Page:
Scoop Review of Books

SRB Christmas Musings

By Jeremy Rose

What’s an atheist to make of Christmas? I’ve been thinking that it could be re-named International Day Against the Death Penalty. After all if there was no crucifiction there would’ve been no Crusades, no Inquisition and no annual orgy of consumerism. As good an argument against making martyrs of political activists as I’ve ever heard. (Ironically, the Chinese Government chose Christmas Day 2009 to lock up one of the country’s leading human rights activists in the hope the world’s media wouldn’t notice.)

On the other hand there would be no Caganers (the wonderful Catalan Christmas Crappers pictured above) or Caga Tios (the equally weird and wonderful Catalan shit logs.)

But surely even a grumpy atheist must be able to see that there’s more to celebrate than the Catalans’ intriguing and seemingly inexplicable blending of shit and Jesus into their traditions.

Well yes and no. I look across the ditch to our Aussie cousins and see that their Government’s idea of the Christmas spirit is locking up refugees on, no joke… Christmas Island.

Less than 20 minutes after the close of Christmas Day an Australian navel ship intercepted a boat with nine passengers and escorted them to Christmas Island where they’ve been incarcerated with the nearly 1500 refugees already imprisoned on the island. Merry Christmas.

But I I did love watching my kids open their presents. And our Christmas feed was one of the best ever. I asked my three kids to nominate a Christmas dish and we ended up with: Tahitian raw fish, Greek Salad and rice pudding. Damn fine. A tradition is born.

And so to quote my favourite Christmas book – Raymond Brigg’s Father Christmas – A Happy Bloomin’ Christmas to you too


  1. David, 27. December 2009, 20:54

    Kia ora Jeremy – thanks, as always for the read.

    [Remember — Christian tradition dictates that Christmas is for the celebration of the birth (as opposed to the death) of Jesus. Easter is the one that celebrates the death. Jewish traditions and law at the time forbade the keeping of and commemoration of birthdays. To them, this was a gentile custom. Naturally, Jesus’ precise birth date is indeterminable.]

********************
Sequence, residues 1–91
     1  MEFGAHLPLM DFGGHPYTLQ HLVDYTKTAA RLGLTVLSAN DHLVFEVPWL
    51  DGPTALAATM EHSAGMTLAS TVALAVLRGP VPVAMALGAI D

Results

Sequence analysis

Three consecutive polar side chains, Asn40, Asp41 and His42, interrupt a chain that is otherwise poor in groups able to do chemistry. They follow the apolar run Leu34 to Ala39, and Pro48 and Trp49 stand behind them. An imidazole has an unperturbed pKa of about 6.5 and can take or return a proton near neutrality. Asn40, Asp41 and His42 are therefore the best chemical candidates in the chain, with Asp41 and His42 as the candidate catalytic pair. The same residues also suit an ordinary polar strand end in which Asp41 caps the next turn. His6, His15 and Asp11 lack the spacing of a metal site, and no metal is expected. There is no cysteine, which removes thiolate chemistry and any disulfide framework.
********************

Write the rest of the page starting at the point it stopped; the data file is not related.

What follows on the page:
In any regard, the origins of Christmas as a festival are Roman. The Romans celebrated ‘Saturnalia’ from Dec 17 – 23rd. The festival marked the birth of the unconquered sun (the beginning of the end of winter). It was a tribute to their God Saturn. Traditions included feasting, drinking, and the exchanging if gifts.

    When the Romans converted to Christianity, they made the nativity of Jesus coincide with the Roman festival and the traditions have carried on.

    So chances are, that even without the birth of Jesus and the Christian corruption of the holiday — you could be doing something similar!

    [obligatory: ]

    Happy New Year!

    Thanks David. Yes – Easter would be a better day to rename International Day Against the Death Penalty – but I suppose my point was we wouldn’t be celebrating Jesus’s birth if it wasn’t for his unpleasant death. JR

  2. Ramsey, 28. December 2009, 6:02

    Was the Australian navel ship carrying a cargo of blood oranges, perhaps to Christmas Island?

  3. Roy Fischer, 28. December 2009, 10:32

    The pagan Yuletide festival is far, far older than Christianity, so atheists can celebrate it with no hypocrisy. Furthermore 25 December is also Mithras’ birthday, and he is an older god than Jeebus. The early Christian church knew that they couldn’t stop people celebrating Yule, Ostara (the Spring fertility festival) and Samhain (which we now call Halloween) so they just renamed them and made up some Bravo Sierra to adopt them into the Christian calendar.

  4. stuart munro, 28. December 2009, 12:15

    We would be celebrating something during the winter solstice in any event. In times when Europe was more Christian, such as World War I, there were Christmas truces, a tradition that did not survive to the 2nd World War – so there was at one time some constructive merit in Christmas.

    The Aetheists have their gods too, only they do not choose to name them.

  5. Pete Fowler, 28. December 2009, 14:10

    As an atheist I celebrate Christmas. I’m not a Nazi, but if WWII had gone the other way, I’d cheerfully celebrate Hitler’s birthday, if it was a time of feasting, drinking, giving pressies and goodwill.

  6. James, 30. December 2009, 18:42

    Religion – the world’s most deadly virus.

  7. Kerry, 30. December 2009, 18:47

    I like the idea of an International Day Against the Death Penalty – Amnesty International usually tries to tie that one in with International Human Rights Day, the 10th December, but it often just shoots right by here without anyone noticing…

    Lol, I did ‘early’ Xmas with my teens on Solstice Day, so technically they didn’t celebrate Christ’s Mass this year, but the much older ‘turning of the wheel of the sun’. Lovely Catholic-educated children, the pair of them, so they’ll have made up for it with their father’s family on Xmas Day, I’m sure!

    Their elder sister doesn’t celebrate Xmas now that she’s converted to Islam, so we send presents to express affection & celebrate the summer holidays. Thankfully, Commonsense Organics sells lovely ‘atheist’ type greeting cards which transcend our family’s murky trails of belief, and allow me to express my pleasure at the growth of my family over yet another year’s journeying.

    Here’s to another year of intellectual stimulation via the books pages, let’s see what 2010 can bring on.